89th American Meteorological Society Annual Meeting

Monday, 12 January 2009: 5:00 PM
Politics, values, and decision making in US climate science
Room 121A (Phoenix Convention Center)
Ryan M. Meyer, Consortium for Science, Policy, and Outcomes; Arizona State University, Tempe, AZ
In 1990, the US Congress passed the Global Change Research Act, sending a strong message about the heightened importance of climate change to the national agenda. The Act asserted the necessity of a broad, organized scientific effort in order to make progress in addressing the problem. Among other things, this meant that “science as usual” – as it is typically funded within federal agencies and carried out in labs across the country – was no longer seen as sufficient. In other words, we did not just need more climate science; we needed more effective, better coordinated climate science.

What does it mean for science of any kind to be effective? Despite such emphatic direction from Congress, and such a significant investment in the years since (more than $30 billion total), evaluating the success of US climate science in generating results of value to the tax payers and their public servants remains a challenge. The program has certainly generated significant advances in our knowledge of how the Earth's climate works, and in our understanding of the many different physical aspects of climate change. What is less clear, however, is what social benefits we can expect to glean from such developments. What broadly supported, culturally desirable outcomes are supposed to result from the coordination and integration of climate science across federal agencies? Is the byzantine structure of the interagency program conducive to, or even consciously aimed at these extra-scientific goals?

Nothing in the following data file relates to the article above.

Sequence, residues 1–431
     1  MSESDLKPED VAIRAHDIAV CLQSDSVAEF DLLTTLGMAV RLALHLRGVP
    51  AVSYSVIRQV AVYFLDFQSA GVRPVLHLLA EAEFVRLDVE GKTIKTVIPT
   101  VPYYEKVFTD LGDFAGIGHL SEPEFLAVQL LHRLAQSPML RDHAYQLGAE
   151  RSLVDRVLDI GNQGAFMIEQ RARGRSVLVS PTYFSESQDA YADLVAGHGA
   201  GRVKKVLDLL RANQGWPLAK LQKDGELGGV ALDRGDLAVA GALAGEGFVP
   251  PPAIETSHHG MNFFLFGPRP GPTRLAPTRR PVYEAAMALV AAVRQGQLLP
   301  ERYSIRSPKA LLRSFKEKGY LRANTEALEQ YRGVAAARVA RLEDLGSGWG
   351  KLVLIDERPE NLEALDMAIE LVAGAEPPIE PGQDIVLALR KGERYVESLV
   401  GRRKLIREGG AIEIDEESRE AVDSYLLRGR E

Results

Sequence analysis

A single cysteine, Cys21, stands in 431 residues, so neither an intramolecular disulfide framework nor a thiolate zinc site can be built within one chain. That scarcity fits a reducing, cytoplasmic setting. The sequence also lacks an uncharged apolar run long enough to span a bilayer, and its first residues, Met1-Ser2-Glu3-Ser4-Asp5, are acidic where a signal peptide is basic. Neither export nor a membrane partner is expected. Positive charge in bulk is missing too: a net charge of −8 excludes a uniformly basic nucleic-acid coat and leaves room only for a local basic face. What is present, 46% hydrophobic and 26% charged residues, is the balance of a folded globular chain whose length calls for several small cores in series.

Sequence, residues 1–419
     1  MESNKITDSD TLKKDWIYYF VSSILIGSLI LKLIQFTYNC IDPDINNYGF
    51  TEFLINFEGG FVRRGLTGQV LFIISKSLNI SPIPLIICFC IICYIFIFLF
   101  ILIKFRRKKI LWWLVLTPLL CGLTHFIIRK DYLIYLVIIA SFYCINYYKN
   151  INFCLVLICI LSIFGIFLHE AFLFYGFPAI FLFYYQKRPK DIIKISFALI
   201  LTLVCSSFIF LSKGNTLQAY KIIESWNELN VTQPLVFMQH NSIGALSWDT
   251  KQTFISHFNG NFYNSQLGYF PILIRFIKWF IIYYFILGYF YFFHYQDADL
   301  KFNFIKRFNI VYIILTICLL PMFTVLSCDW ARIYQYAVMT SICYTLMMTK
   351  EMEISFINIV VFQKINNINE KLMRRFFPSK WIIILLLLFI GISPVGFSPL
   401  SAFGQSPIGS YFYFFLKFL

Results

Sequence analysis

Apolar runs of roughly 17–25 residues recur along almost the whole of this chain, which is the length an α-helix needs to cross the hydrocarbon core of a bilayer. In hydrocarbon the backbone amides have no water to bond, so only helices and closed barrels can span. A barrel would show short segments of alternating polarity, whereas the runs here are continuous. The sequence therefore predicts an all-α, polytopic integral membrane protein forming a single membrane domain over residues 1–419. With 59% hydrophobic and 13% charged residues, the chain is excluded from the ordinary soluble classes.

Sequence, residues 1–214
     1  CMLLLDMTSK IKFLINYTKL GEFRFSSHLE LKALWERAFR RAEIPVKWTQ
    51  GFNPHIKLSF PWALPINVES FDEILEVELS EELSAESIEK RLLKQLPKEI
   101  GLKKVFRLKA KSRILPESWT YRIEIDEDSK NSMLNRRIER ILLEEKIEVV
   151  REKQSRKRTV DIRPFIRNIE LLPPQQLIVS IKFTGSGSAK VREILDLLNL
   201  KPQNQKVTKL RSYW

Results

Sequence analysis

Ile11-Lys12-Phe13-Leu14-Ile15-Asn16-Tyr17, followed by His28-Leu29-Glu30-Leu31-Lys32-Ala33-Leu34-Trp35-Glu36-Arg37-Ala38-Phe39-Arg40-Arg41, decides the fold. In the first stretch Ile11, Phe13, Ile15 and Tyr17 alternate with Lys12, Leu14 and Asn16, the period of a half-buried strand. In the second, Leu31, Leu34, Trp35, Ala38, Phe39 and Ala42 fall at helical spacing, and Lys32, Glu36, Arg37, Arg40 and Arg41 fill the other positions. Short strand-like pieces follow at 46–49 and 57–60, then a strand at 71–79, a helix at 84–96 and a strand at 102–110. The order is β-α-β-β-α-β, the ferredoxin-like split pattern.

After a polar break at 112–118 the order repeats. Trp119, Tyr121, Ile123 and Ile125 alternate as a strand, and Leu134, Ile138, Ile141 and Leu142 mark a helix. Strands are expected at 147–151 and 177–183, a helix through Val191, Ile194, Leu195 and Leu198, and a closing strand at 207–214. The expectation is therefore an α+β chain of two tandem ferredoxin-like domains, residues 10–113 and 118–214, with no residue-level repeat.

One could approach these questions in a variety of ways. In this project I focus on the individuals who actually implement climate science policy. Through document analysis, interviews, and meeting and conference observations over the course of the last two years, I have examined the decision making and value frameworks of individuals who fund and build programs around climate research within federal agencies. This work addresses broad questions about the nature of public values in science policy, as well as specific issues relating to the connection of climate science funding to societal outcomes.

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